Chris rented some movies the other evening, and the one she had the most hope to enjoy was Flight, starring Denzel Washington … one of her favourite actors.

    The opening scene has Captain Whitaker prostrate and drunk in a cheap motel room. A lady of convenience is buck naked, wondering on and off camera, more or less not really getting dressed too much. We sit through this scene, hoping it gets better. But the next sequence is another woman looking for money for drugs, and ends up being offered a “job” in the porn “industry”. We gave up and went to Movie II – it was from Disney, and lived up more to our expectations. (Joe is 16, and he was in attendance at movie night.)

    Chris was disappointed that I (we) had decided to NOT watch that flick. I volunteered to watch it all the way through, more or less, the next day when the kids were otherwise occupied. It did get much better, and we ended up actually watching it.

    Verdict was that the nudity was a useful tool to communicate the depravity of the main character – the almost-pornstar also was key to the plot. It ended up being a story of redemption, in my opinion. IE the depravity was NOT gratuitous. PASS. But you have to stay ever vigilant.

    Heisenberg Uncertainty Principle – it applies to so very many things. In lay language, you cannot both the position and velocity of an electron in orbit because in order to “see” it, you had to hit it with a photon, and it isn’t where it was before you looked.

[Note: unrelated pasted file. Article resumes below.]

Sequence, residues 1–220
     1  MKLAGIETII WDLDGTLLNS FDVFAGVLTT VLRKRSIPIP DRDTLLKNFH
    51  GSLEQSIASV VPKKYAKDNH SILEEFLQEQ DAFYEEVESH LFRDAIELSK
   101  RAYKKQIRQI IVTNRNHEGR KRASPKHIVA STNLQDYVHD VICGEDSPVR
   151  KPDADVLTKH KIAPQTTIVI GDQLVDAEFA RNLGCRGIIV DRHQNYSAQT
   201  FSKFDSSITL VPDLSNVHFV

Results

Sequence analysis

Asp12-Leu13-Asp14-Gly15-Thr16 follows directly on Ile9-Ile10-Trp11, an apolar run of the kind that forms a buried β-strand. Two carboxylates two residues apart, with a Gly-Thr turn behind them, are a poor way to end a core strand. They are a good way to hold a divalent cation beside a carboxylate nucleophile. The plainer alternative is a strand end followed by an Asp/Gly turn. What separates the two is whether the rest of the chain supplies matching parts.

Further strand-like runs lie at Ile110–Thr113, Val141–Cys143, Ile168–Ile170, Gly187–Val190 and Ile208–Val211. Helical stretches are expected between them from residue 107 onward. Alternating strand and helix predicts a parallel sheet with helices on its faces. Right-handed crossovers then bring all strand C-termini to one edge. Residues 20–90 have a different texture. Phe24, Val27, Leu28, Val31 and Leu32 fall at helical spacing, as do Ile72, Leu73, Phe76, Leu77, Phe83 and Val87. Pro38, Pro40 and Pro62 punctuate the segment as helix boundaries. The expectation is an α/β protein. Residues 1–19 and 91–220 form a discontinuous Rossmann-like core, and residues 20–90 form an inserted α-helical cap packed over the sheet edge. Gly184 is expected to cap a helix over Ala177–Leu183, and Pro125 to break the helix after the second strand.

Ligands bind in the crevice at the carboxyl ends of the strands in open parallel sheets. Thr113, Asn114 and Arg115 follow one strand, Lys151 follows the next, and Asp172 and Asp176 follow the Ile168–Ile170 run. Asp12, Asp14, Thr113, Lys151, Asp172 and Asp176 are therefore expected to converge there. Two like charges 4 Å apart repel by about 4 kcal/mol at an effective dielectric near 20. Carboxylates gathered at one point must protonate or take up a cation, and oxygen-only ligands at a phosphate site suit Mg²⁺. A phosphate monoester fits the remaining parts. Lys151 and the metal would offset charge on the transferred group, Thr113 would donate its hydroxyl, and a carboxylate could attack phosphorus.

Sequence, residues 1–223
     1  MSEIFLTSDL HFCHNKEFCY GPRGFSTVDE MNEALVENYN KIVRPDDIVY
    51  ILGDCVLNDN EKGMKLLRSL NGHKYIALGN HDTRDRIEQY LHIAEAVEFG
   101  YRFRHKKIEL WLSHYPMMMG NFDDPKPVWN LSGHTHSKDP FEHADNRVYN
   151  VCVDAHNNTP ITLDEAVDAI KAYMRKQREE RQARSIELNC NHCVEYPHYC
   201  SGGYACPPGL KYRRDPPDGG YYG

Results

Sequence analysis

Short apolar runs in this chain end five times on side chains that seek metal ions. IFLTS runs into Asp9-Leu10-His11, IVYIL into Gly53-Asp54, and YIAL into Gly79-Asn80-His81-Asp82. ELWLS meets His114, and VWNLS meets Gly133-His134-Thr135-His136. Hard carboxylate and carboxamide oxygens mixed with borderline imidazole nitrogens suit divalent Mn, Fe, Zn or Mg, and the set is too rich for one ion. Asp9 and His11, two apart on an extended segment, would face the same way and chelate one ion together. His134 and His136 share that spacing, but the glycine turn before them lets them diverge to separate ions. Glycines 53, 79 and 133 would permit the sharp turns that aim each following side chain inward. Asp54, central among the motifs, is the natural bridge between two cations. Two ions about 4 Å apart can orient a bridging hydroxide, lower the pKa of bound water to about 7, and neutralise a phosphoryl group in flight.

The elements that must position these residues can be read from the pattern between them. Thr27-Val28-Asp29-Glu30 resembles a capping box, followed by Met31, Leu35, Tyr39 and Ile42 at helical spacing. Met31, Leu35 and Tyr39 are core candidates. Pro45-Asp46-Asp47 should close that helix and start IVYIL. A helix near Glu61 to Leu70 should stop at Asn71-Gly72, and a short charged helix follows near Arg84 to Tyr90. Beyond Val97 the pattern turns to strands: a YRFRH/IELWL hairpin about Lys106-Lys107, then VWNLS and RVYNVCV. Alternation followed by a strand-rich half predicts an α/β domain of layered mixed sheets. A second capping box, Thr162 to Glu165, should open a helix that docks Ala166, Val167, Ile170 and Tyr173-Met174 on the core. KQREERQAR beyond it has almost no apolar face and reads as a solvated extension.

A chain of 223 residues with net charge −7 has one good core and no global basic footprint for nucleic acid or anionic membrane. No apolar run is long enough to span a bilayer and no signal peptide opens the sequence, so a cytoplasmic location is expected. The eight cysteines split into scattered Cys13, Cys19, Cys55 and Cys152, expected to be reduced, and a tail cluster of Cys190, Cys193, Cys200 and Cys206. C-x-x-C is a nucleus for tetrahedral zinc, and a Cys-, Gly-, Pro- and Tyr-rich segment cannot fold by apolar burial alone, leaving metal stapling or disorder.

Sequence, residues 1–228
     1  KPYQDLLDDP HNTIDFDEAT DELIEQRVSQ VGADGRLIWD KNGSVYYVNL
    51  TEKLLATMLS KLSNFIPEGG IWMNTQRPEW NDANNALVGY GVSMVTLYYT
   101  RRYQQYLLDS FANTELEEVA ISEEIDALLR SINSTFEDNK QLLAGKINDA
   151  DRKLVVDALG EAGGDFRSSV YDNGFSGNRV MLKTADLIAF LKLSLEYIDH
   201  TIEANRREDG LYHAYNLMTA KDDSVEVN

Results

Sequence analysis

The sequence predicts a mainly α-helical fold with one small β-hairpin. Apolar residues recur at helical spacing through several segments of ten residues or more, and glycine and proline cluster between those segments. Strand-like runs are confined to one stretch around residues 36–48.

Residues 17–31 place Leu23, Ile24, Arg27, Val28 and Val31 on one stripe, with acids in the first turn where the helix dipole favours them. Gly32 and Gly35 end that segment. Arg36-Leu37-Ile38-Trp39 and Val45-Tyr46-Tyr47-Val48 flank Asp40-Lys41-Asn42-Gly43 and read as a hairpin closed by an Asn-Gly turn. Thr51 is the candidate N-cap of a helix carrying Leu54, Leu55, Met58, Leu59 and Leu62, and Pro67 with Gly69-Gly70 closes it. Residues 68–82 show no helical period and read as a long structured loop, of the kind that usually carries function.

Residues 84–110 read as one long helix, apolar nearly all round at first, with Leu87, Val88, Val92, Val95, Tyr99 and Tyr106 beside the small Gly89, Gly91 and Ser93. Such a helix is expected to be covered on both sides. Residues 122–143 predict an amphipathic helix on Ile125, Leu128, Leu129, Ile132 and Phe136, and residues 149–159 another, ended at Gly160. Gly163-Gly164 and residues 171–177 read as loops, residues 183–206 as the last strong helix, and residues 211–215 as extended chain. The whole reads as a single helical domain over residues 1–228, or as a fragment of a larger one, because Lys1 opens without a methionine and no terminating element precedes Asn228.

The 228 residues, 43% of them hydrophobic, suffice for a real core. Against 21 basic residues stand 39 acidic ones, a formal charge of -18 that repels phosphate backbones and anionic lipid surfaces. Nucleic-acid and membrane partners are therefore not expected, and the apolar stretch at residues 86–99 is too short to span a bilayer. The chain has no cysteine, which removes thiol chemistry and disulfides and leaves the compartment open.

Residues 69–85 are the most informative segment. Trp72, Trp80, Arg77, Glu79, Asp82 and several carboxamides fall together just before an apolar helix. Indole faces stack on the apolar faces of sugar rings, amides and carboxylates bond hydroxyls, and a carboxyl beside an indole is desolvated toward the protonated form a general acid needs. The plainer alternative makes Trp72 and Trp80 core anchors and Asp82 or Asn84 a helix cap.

The Quantum Mechanic’s vacation
    left his colleagues in dire consternation
    for though it was shown – his speed was well known
    his position was pure speculation.

    You cannot observe something without actually changing the thing you observe. Electrons – they are easy to conceptualize the import thereof. Elephants less so, but still, to some degree.

    The other side of the proverbial coin. You cannot observe something without changing also the observer. So many scientists overlook this, which they should not overlook. Casual overlooking in life in general leaves one desensitized to things that would really like to kill you. NOT APPROVED.


    • Roy, I think that’s the prime directive from Star Trek, too. I’ll have to check with my resident Trekkie to be sure :)

      Vigilance becomes extremely important with the excess of information we receive. We would be wise to pay attention, critically analyze, and remain sensitive to what we’re taking in (or being fed). Not in a paranoid way, but in a media literate, active, intelligent way.

      As always, thanks for your insight.

  2. Aimee,

    I like your perspective here. I was raised in a environment where the violent nature of much of pop culture was often used as one good reason to completely avoid it all. I am not sure that is a realistic or even a positive expectation. Yet, I am certain too much violence is harmful at some level.

    Your insights always make me think and reflect on topics like this

    • Thank you, Darin. I’m struggling with this now. On the one hand, I want to have a no tolerance policy for violence. But on the other hand, violence is an element of our broken world. It’s part of our stories, factual and fictional. Because of it we (Christians especially) have a role to protect, heal, console, organize, liberate. No easy answers here…